Remote and flexible working is becoming more and more popular for businesses across the UK. OddsMonkey have created a report on how many people work remotely or flexibly in the UK.
Flexi-time has increased by 12.35 per cent from 2012 – 2016 (ONS), and last year, the TUC found that the amount of people remote working has increased by nearly quarter of a million (241,000) over a decade.
Data from the ONS shows that 4.2 million people regularly worked from home in 2015 and the majority of these employees are split between agriculture, information and communication or construction. However, there are other industries who allow staff to work from home. For example, Target Internet are a digital marketing training company who have adopted a remote working strategy for their employees.
Daniel Rowles, a lead coach from Target Internet says, ‘We’ve made the choice to be a fully distributed company, meaning everyone on our team does all their day-to-day work from home.
‘This approach has proven effective in a number of ways. Our staff are happy to be free from the stress of commuting and to have the opportunity to work flexibly; it’s good for our budget and the environment, as we don’t have to keep an office running; and because we do much of our work online, it doesn’t negatively impact our operations.
‘This strategy has allowed us to expand our workforce, and pick those with the best talent rather than those who live near Brighton. All our staff meet up for meetings and socials, but remote working works best for us day-to-day.’
However, despite the huge rise in people starting to work remotely, there are still people in the UK who would like the opportunity to work from home, and why shouldn’t they be allowed? There are various positives for remote working, both for the employee and the employer:
· Increased productivity – working remotely increases productivity by 16 per cent
· Higher morale – a study showed that those who work from home love their job more than those who work in an office.
· Higher employee retention
· Less stress – one in five employees say that juggling their work and personal lives is the main cause of stress.
Paul King, founder and CTO (chief technical officer) of OddsMonkey is a firm believer in remote working. He says, ‘In order for OddsMonkey to provide our customers with the best matched betting service available, we knew we had to put together a team of experts; people who really know their stuff and can help our members with in-depth advice. Matched betting is quite a niche interest, which means that you won’t necessarily find potential employees on your doorstep.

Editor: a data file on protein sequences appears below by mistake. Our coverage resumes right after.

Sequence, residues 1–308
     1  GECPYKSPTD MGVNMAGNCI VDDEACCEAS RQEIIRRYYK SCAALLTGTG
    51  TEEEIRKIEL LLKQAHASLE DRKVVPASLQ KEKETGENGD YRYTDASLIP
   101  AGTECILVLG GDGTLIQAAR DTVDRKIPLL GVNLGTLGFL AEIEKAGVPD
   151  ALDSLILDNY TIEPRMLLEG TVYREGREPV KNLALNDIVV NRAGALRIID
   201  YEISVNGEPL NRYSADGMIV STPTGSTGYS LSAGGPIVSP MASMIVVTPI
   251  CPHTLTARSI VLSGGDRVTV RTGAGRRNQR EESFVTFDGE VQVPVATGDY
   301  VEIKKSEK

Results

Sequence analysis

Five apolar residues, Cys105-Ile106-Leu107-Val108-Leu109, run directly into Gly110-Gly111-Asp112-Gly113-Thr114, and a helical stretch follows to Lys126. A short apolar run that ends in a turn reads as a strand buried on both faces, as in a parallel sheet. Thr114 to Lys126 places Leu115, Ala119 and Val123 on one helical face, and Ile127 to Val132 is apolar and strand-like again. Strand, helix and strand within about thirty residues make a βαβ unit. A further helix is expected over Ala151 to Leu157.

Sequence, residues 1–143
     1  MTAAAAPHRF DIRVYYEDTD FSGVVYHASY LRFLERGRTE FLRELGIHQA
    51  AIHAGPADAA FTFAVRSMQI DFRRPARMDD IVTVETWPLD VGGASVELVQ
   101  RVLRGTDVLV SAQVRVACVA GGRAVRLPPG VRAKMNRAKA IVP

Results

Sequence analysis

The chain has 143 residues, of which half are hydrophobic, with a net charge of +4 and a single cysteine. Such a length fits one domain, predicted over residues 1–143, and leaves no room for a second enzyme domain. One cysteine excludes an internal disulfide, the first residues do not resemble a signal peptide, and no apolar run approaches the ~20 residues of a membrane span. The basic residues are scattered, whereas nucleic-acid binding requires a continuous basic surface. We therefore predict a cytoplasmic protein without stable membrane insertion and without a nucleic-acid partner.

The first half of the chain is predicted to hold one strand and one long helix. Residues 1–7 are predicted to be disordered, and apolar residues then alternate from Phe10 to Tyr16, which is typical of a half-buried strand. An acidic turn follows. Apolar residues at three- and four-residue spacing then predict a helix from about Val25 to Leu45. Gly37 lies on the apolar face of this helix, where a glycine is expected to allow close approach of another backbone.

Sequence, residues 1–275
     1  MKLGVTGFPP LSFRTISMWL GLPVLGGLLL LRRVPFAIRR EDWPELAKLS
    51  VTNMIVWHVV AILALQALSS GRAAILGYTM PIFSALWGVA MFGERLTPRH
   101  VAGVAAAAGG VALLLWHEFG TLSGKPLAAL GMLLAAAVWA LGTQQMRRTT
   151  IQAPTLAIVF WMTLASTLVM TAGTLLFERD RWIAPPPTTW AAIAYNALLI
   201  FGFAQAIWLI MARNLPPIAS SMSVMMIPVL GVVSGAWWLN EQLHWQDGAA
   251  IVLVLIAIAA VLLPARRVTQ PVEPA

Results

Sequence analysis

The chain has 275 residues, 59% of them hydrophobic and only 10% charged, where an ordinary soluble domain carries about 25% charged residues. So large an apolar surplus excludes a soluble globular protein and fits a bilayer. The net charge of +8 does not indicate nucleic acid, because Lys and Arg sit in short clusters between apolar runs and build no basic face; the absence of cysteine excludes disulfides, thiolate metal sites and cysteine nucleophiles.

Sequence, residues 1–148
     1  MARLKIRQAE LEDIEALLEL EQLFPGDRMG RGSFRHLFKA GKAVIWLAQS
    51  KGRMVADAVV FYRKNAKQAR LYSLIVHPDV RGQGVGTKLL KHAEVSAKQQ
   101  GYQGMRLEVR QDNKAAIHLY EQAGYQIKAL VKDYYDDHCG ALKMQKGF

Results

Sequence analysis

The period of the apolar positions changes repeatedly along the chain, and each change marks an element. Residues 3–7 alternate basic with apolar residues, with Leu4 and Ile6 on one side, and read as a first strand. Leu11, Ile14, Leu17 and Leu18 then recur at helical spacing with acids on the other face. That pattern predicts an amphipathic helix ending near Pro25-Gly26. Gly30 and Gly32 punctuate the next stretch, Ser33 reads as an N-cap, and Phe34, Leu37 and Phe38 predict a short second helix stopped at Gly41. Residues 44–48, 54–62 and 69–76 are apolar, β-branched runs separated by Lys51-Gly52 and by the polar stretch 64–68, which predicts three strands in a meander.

‘Remote working has played an integral part of this strategy, as it’s allowed us to identify and hire top matched bettors, all the way from Eastbourne to Edinburgh. Because we’ve been able to build the team in this way, staff are extremely productive as they’re genuinely interested in the job, with many of them effectively turning their hobby into a career.
‘We use a number of collaborative online tools to ensure communication is quick, clear and concise between our team members, whether they’re working from OddsMonkey HQ or their sofa.’
Many studies have shown that remote working allows employees to be more productive and happier – having the choice to either work from the office or remotely, gives staff a sense of freedom.
‘At our company, Moteefe, we’ve created a slightly different work from home policy – we allow our employees to work from home every Tuesday and Thursday without having to ask or state that they’re doing so. For many of us here in our London office, our commutes can take around an hour each way without traffic or tube delays! So, we’ve made it easier for our employees to have two very productive days in the comfort of their homes or in their favourite coffee shops.
‘To make it work effectively, we encourage our staff to over-communicate on these two days – everyone talks on Slack much more and many also fill out exactly what they’re doing on their Gmail calendars so that it’s completely clear as to what everyone is working on and how long it has taken them.’
Mathijs Eefting, CEO and co-founder of Moteefe